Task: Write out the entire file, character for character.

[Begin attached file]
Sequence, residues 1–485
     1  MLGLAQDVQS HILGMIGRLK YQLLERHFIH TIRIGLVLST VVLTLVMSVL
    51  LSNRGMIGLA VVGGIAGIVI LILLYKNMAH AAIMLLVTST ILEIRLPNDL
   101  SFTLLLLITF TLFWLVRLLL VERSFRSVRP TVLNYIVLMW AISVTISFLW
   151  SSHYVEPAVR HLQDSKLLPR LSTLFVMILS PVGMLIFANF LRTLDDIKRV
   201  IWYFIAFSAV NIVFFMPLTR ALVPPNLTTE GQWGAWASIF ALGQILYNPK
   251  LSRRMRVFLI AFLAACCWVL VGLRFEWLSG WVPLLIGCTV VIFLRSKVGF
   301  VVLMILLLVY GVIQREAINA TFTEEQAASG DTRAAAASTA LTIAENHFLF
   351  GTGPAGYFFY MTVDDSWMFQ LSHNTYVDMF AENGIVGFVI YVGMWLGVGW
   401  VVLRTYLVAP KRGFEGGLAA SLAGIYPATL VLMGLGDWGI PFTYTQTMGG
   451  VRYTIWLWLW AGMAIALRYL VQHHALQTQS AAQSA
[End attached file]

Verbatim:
Sequence, residues 1–485
     1  MLGLAQDVQS HILGMIGRLK YQLLERHFIH TIRIGLVLST VVLTLVMSVL
    51  LSNRGMIGLA VVGGIAGIVI LILLYKNMAH AAIMLLVTST ILEIRLPNDL
   101  SFTLLLLITF TLFWLVRLLL VERSFRSVRP TVLNYIVLMW AISVTISFLW
   151  SSHYVEPAVR HLQDSKLLPR LSTLFVMILS PVGMLIFANF LRTLDDIKRV
   201  IWYFIAFSAV NIVFFMPLTR ALVPPNLTTE GQWGAWASIF ALGQILYNPK
   251  LSRRMRVFLI AFLAACCWVL VGLRFEWLSG WVPLLIGCTV VIFLRSKVGF
   301  VVLMILLLVY GVIQREAINA TFTEEQAASG DTRAAAASTA LTIAENHFLF
   351  GTGPAGYFFY MTVDDSWMFQ LSHNTYVDMF AENGIVGFVI YVGMWLGVGW
   401  VVLRTYLVAP KRGFEGGLAA SLAGIYPATL VLMGLGDWGI PFTYTQTMGG
   451  VRYTIWLWLW AGMAIALRYL VQHHALQTQS AAQSA